Vote No - On the Line: College Faculty Strike Bulletin #5
Publication DateWednesday, November 8, 2017 - 3:00pm
Fight off concessions and win academic freedom – reject the colleges’ offer
College faculty will vote on the College Employer Council’s so-called “final” offer November 14 to 16, the Ontario Labour Relations Board has ordered.
Under the Colleges Collective Bargaining Act, the employer can force a vote on its offer any time after 15 days before the collective agreement expires. But it can only do it once – this is Council’s one and only chance to avoid a negotiated settlement.
It is absolutely critical that faculty vote NO to this offer. Your bargaining team remains committed to getting a deal and getting students back in the classroom as quickly as possible. But that deal must be a negotiated deal – one that is acceptable to both sides.
For faculty, an acceptable deal means one that addresses our issues related to education quality for our students and fairness for all faculty.
We fully understand your frustration with recent events. Here’s what has happened in recent days.
Last week, the mediator called the two sides back to the table at Council’s request. Negotiations resumed on Thursday, November 2 and continued over the weekend. We started essentially where we had left off just before the strike began. Over the three days, we slowly started to see some progress. We modified our stance on some issues, and Council indicated that they were willing to remove some of the concessions they had been demanding.
A significant gain made by the team, with the help and cooperation of the Ministry of Advanced Education and Skills Development, was the agreement to establish a Provincial Task Force on a number of key issues with a significant dollar cost. The task force would examine these issues and make recommendations, by May 18, on staffing complement (the 50-50 full-time/partial load issue), precarious work, and collegial governance. All recommendations from the Task Force will be brought to Cabinet for funding consideration.
As of Sunday night, November 5, the only significant issues left on the table were Council’s remaining concessions and the no-cost issue of academic freedom. Your union bargaining team felt that a deal could be reached by Monday morning. Instead, Council came to the table Monday morning and refused to engage in any further negotiations. The offer they tabled added even more concessions.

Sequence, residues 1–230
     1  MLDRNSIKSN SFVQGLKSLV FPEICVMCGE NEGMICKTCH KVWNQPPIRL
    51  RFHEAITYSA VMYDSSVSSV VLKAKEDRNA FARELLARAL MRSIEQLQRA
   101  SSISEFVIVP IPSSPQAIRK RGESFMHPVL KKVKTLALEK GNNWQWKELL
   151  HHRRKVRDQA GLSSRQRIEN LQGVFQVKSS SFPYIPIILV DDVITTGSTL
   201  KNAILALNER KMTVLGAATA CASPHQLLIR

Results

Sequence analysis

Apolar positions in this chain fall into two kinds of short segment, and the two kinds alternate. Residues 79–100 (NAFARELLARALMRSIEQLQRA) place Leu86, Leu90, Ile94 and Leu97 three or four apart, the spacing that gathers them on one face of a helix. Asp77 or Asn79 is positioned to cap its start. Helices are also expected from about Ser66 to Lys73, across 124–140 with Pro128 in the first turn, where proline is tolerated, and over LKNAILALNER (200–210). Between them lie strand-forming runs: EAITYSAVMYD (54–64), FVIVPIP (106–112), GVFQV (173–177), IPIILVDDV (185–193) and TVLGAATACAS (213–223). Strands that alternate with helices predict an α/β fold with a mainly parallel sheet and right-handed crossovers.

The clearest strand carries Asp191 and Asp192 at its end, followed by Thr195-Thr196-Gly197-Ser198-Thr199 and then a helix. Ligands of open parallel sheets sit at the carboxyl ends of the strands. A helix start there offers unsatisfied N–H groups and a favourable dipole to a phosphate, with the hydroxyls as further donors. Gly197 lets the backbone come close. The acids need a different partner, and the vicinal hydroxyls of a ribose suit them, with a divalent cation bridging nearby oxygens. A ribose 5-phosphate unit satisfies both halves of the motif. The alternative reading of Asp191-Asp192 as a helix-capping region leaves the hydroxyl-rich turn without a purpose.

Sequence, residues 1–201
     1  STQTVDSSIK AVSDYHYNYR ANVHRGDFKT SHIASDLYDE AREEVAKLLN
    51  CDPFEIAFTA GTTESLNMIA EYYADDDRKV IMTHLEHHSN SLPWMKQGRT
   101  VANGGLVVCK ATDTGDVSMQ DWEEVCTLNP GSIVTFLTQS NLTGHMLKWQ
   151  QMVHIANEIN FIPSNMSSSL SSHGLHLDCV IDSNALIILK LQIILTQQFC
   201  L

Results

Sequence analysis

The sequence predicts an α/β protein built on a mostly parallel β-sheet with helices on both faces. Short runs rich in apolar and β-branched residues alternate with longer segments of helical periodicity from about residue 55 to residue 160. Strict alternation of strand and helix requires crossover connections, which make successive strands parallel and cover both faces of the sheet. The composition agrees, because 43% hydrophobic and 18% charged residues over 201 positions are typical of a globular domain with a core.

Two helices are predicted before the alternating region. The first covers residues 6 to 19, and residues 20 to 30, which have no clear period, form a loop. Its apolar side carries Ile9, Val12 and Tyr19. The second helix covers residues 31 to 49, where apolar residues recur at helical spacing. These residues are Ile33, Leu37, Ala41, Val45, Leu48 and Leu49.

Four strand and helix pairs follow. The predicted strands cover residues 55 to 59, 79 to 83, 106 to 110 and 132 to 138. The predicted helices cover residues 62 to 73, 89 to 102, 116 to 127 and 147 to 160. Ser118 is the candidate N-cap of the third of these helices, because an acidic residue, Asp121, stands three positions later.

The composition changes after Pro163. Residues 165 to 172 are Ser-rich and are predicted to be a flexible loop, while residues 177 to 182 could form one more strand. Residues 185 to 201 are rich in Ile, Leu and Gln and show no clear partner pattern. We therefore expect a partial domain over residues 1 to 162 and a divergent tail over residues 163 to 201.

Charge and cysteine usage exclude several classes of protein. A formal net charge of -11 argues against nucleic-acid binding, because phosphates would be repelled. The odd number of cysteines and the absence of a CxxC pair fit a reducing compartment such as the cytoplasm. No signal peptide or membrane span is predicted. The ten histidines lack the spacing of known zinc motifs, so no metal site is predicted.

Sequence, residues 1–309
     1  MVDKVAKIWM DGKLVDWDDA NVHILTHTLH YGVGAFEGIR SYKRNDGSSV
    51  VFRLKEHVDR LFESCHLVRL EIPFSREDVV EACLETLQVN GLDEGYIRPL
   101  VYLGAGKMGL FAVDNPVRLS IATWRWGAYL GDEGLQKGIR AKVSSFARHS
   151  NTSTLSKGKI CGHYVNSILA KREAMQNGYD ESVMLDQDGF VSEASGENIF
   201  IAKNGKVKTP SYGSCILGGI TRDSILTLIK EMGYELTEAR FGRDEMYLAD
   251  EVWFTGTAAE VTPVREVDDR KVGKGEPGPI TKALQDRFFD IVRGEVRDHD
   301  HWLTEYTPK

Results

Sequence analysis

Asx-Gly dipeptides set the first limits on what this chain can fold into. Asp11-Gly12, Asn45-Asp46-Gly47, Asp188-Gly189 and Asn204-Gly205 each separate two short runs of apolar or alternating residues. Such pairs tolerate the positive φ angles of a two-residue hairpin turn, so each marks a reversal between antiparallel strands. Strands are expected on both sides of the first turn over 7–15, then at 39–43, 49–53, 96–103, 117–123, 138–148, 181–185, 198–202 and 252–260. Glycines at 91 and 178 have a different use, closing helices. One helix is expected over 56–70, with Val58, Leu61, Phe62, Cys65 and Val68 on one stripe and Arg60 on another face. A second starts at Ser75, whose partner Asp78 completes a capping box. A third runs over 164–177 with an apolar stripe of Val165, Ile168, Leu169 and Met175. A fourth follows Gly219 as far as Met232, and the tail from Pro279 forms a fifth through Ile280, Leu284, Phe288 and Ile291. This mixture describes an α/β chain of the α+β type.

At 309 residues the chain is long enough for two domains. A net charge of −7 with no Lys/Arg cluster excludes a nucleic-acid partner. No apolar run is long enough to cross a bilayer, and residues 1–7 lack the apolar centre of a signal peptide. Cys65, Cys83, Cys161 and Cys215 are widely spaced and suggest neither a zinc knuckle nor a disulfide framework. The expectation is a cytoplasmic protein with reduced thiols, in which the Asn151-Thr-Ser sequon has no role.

Then they told us they had contacted the OLRB to schedule a forced-offer vote.
A forced-offer vote was always a possibility, but we had hoped Council would not be so callous as to jeopardize the semester, if not the whole academic year, for students and faculty alike.
Council and the college presidents who advise them are showing complete disregard for how their behavior impacts students and faculty.
What are the vote details?
The vote will be an electronic vote. Faculty will be able to begin voting online at 9 a.m. EST November 14 and voting will end at 10 a.m. EST on Thursday, November 16.
All faculty are eligible to vote. An independent company hired by the OLRB will send an email to your college email address. This email will contain all the details you will need to vote.
Please note that checking your college email for this reason is NOT strikebreaking. You are not checking your email to go to work; you are only checking it to be able to exercise your democratic right to vote.
The OLRB will announce the vote results on Thursday, November 16.
Will we stay out on strike during the vote?
Yes. There is no other option. We must continue to stand together in solidarity. Practically speaking, the union cannot call off a strike when there is no negotiated agreement and no return-to-work agreement. To go back to work and run classes for a week or two while voting logistics are worked out would remove all pressure on the colleges. We all want to be back in the classroom and helping our students, but those would be terrible circumstances under which to return.
Council’s demand that faculty suspend the strike while waiting for the vote to be held is a public relations strategy: it allows the employer to accuse the union of prolonging the strike. But make no mistake, they are the ones prolonging it.
This could have been wrapped up today had they been willing to negotiate in good faith. If they were going to do a forced offer vote, the time to do that was weeks ago, when they first had the opportunity, not now.
Is this really just about academic freedom?
No. Council’s offer also contains serious concessions, detailed below.
Academic freedom is all about faculty making academic decisions for our courses and for the benefit of our students. That includes having a say in evaluation methods, delivery methods, final marks, textbook selection, course design, content, and research. Currently, management has all the final decision making power, and there is no way to challenge this except by including this language in our collective agreement.